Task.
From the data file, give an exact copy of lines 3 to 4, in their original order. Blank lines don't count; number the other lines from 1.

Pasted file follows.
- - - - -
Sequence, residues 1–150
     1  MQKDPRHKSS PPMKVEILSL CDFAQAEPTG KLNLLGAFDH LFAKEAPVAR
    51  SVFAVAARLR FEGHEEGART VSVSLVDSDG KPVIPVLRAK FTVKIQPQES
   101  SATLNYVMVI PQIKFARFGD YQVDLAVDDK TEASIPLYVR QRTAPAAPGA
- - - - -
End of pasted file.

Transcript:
    51  SVFAVAARLR FEGHEEGART VSVSLVDSDG KPVIPVLRAK FTVKIQPQES
   101  SATLNYVMVI PQIKFARFGD YQVDLAVDDK TEASIPLYVR QRTAPAAPGA